I don’t really believe in heaven in a “pearly gates/place you go when you die” sense, and sometimes I wonder if this heaven is a fabrication for people who aren’t pausing to appreciate this life enough as it is. I understand, though, that it’s partly because of my privileges that I can say this. I have functioning body parts, five senses, a tertiary education, speak English, am white, and have gainful employment. Had I not won the genetic, socio-economic, born-in-a-peaceful-country-to-a-loving-family lottery, I might be imagining the most beautiful heaven for myself. Instead of believing in heaven as a place we are moving towards, I believe heaven is something we can invite into this life by choosing how to live and love one another. It’s why “heavenly” is one of my favorite adjectives. This being said, I certainly believe in the afterlife — it’s the life each of us enters after the life of someone we love has ended. One of the most jarring things about grief is that, in the midst of death, we become acutely aware of life happening all around us. Perhaps our new eyes see this contrast and illuminate it even more than what we might have been waltzing through all these years without noticing.
It is said that people who are “missing” one sense have increased sensitivity in the other four. Perhaps, when juxtaposed with our heightened sense of death, our sense of life becomes stronger too. In a recent essay, musician and party enthusiast Andrew W.K. muses that death holds a mirror up to life, while Plato himself ponders that death, which we fear to be the greatest evil may, in fact, be “the greatest good.” In my walk with grief thus far, I have found that with time, gentleness, and openness, both statements have proved to be true. I hope that I can continue to look into that mirror of death, beholding my experience of life for what it is: something breathtakingly beautiful. This opening of my thoughts about life and death has made me want to turn directly to my dad to thank him. I can’t thank him for it physically anymore, so on my best days, I try point out beautiful things to others, and to thank them for being beautiful, too.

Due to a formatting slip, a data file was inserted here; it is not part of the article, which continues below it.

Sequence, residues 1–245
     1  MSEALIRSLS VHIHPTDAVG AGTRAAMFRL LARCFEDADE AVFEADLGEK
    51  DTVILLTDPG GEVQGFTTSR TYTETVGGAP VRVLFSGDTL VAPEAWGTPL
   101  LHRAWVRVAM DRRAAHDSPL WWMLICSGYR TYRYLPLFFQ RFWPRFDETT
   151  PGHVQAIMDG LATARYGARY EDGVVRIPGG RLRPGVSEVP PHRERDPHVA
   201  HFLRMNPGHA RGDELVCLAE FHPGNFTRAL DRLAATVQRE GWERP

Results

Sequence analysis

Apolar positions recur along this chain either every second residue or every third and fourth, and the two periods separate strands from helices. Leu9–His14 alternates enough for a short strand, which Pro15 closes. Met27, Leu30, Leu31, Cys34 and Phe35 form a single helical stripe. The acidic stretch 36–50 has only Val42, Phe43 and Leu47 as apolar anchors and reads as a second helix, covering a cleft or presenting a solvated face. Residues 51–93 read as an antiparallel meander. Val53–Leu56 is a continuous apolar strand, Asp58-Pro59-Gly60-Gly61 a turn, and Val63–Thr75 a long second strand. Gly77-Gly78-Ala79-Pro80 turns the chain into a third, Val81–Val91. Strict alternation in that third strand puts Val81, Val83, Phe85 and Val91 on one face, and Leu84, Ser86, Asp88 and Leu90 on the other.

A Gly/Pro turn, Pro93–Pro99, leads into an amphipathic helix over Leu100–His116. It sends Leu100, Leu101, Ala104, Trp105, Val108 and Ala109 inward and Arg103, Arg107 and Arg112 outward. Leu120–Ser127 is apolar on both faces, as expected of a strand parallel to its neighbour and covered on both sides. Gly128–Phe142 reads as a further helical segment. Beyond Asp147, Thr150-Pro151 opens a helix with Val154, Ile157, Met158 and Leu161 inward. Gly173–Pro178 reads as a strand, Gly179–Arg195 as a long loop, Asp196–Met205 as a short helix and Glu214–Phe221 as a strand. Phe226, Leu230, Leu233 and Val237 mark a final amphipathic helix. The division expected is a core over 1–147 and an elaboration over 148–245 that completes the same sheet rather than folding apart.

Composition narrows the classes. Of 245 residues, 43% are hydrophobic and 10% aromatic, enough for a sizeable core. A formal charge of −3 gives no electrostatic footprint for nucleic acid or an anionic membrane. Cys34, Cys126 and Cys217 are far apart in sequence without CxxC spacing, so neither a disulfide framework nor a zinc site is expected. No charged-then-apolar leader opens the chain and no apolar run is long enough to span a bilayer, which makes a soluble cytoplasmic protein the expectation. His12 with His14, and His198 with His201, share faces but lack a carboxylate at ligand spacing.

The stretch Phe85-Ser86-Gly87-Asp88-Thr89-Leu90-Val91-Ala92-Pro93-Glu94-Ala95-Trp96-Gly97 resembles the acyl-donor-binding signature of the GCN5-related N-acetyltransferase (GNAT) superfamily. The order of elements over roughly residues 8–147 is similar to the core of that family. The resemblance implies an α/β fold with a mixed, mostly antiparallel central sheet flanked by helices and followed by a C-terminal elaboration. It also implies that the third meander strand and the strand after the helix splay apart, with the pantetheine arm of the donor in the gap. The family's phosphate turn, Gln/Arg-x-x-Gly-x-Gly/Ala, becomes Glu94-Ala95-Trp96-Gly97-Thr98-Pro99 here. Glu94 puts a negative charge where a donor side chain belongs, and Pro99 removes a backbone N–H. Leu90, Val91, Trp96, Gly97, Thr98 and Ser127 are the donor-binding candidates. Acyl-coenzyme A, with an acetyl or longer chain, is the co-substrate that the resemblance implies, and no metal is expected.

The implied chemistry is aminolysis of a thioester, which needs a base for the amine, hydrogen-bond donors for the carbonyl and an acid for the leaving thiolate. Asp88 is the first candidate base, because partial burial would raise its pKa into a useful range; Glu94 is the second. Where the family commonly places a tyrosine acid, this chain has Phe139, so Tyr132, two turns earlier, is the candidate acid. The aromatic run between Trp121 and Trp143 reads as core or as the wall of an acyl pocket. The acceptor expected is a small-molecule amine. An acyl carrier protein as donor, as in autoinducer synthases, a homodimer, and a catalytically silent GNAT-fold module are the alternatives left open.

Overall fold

I always find myself returning to John Donne’s sentiment that “each man’s death diminishes me, for I am involved in mankind.” Until recently I have wholeheartedly agreed with this, blindly professing to feel a sense of reduction in my own life experience on account of another loss of human life. This is very noble of me (and probably a little lofty if I’m completely honest), but in recent weeks, I have found myself disagreeing with old J.D. In spite of the gaping loss of my dad, and though grief has certainly changed me (and, I hope, continues to change me in healthy and sustainable ways), the part of my life that does feel diminished is outweighed by my enriched experience of life.
So, What’s It Like Now?
The process of grieving is never finished, nor is it something we achieve. We can recover from it and, if we want to, with the help of others, we can move towards new life. It will always be shit that my dad is dead, and that’s completely okay. At this time in my life I struggle with wanting to know my family as closely as possible, while still experiencing the grace that it is to not have to work too hard at relationships with people who, quite miraculously, choose to love and forgive me no matter what. I struggle with understanding that everyone I love is going to die someday, and that I have no idea when that day might come, and I wrestle with trying not to allow that to propel me too far in the direction of either disengagement or overbearing engagement with those I love.